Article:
This study examined changes in the natriuretic hormone system in five infants with congestive heart failure (CHF) due to intracardiac left-to-right shunting who were exposed to cardiopulmonary bypass (CPB) during surgical repair. Plasma concentrations of three hormones [atrial natriuretic peptide (ANP), brain natriuretic peptide (BNP), and dendroaspis natriuretic peptide (DNP)] and their secondary messenger, guanosine 3′, 5′-monophosphate (cGMP), were measured, and the biological activity of the system was quantified. At baseline, BNP and DNP concentrations were normal in our patients, a finding that is strikingly different from that of adult CHF patients, whereas ANP concentrations were elevated. Following CPB, ANP concentrations decreased (median, 175 vs 44 pg/ml; p = 0.043) and BNP concentrations increased (median, 25 vs 66 pg/ ml; p = 0.043), whereas DNP concentrations did not change. Following modified ultrafiltration, BNP concentrations increased (p = 0.043), but other natriuretic peptide concentrations did not change. The calculated biological activity of the natriuretic hormone system decreased following CPB [molar ratio, cGMP / (ANP + BNP + DNP); median, 213 vs 127; p = 0.043)]. Additional studies are needed to expand on these findings and identify patients with other types of congenital heart disease who have perioperative disturbances in the natriuretic hormone system and thus might benefit from pharmacologic intervention.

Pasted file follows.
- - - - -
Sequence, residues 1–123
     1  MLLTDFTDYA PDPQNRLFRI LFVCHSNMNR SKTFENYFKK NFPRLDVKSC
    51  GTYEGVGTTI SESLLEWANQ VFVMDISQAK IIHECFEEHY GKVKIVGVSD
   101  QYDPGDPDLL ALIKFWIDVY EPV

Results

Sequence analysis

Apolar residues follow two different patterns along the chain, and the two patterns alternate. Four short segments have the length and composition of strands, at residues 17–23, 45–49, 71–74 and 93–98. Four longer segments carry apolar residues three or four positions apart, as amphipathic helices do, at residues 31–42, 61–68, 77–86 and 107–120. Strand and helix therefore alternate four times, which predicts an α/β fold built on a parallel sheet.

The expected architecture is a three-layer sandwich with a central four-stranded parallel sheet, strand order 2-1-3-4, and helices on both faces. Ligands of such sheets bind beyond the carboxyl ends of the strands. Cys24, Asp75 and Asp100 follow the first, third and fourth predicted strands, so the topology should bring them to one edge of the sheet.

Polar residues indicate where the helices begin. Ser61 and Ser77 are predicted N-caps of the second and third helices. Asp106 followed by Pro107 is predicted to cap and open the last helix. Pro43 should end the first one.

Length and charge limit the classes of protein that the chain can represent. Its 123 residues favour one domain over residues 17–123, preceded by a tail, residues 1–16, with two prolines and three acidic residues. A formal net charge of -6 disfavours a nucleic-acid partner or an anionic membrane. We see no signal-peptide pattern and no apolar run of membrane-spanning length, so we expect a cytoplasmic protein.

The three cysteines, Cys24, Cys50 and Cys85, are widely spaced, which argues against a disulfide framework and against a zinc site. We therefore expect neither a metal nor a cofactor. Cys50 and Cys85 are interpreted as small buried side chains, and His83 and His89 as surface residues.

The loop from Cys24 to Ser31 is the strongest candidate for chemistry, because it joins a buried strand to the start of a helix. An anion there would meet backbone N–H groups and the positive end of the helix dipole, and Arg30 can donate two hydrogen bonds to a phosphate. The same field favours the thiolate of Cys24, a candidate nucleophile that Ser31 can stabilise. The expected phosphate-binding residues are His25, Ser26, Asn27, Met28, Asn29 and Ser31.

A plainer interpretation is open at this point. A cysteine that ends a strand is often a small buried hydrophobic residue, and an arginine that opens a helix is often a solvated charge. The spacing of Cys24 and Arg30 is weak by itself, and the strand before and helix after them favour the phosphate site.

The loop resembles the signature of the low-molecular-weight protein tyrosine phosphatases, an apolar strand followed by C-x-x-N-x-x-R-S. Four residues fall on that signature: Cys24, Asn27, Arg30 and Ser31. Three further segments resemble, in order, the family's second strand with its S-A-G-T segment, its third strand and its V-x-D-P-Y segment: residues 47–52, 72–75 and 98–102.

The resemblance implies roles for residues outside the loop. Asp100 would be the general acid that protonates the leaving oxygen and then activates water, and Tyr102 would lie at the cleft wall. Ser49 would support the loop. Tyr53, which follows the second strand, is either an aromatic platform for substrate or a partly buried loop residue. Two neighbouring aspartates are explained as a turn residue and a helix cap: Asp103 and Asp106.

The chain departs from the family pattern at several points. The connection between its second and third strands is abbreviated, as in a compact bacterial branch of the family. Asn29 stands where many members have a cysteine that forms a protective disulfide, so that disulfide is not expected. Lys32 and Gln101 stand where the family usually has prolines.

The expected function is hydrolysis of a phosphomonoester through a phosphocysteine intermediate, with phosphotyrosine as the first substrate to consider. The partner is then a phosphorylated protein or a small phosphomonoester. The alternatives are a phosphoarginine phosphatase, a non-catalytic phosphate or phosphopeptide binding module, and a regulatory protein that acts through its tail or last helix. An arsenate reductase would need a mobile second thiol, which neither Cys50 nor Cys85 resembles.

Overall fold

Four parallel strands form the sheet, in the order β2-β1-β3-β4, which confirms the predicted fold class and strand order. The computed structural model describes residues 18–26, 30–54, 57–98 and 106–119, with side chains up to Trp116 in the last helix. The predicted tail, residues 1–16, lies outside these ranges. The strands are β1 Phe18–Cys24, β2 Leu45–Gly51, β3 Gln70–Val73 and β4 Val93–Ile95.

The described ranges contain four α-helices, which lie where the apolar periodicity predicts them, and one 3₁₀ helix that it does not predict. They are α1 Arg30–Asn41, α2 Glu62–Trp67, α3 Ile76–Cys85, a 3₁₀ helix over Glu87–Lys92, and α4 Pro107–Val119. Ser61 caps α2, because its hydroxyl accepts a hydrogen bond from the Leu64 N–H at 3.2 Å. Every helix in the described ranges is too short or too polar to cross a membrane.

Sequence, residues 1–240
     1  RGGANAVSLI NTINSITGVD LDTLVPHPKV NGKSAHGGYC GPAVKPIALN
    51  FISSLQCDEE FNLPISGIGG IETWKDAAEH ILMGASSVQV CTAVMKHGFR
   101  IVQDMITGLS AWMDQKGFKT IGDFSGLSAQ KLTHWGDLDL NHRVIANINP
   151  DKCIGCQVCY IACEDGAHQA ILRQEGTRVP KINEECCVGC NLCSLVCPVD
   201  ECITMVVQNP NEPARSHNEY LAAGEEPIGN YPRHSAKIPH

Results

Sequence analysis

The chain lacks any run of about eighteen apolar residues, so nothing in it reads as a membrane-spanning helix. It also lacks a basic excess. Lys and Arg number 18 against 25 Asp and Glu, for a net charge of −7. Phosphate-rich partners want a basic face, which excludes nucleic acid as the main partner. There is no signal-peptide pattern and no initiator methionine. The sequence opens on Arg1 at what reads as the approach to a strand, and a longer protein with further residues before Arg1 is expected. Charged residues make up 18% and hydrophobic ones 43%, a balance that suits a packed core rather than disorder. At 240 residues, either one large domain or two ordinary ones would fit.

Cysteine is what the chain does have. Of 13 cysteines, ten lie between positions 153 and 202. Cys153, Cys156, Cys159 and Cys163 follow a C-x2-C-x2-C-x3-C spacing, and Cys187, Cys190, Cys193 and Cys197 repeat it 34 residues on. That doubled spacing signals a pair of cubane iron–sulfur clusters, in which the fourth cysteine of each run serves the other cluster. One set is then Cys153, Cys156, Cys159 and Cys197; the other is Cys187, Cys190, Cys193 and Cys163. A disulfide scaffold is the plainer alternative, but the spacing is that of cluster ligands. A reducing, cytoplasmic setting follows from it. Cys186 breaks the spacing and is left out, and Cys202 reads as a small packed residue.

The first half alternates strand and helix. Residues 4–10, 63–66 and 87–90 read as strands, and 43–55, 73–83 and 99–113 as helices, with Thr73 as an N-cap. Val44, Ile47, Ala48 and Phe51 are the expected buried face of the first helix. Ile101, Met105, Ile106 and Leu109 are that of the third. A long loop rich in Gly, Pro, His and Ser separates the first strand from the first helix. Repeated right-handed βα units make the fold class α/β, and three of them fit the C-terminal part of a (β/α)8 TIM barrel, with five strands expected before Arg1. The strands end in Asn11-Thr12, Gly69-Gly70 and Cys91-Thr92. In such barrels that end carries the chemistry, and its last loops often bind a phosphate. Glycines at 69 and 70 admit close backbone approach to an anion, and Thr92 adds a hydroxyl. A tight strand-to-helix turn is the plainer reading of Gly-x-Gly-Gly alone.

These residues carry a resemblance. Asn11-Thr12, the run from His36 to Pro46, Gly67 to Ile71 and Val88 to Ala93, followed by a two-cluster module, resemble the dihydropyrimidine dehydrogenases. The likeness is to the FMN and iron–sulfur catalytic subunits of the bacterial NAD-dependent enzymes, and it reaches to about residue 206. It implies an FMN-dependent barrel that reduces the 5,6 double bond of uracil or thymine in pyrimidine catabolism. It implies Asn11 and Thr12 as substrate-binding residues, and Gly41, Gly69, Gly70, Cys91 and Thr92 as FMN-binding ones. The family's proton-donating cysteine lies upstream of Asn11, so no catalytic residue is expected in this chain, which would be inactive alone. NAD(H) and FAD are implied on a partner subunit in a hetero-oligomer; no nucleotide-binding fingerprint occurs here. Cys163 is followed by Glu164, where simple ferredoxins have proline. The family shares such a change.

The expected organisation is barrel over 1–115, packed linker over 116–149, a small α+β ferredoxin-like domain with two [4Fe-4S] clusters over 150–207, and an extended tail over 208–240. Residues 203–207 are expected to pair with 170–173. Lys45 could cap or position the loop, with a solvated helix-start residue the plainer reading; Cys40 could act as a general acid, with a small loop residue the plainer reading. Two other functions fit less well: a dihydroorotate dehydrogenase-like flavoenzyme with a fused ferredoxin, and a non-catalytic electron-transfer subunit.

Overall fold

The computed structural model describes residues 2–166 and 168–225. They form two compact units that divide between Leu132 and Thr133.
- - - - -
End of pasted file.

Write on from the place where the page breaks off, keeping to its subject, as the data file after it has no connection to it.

- Cardiopulmonary bypass
- Congenital heart disease
- Congestive heart failure
- Natriuretic hormones
ASJC Scopus subject areas
- Pediatrics, Perinatology, and Child Health
- Cardiology and Cardiovascular Medicine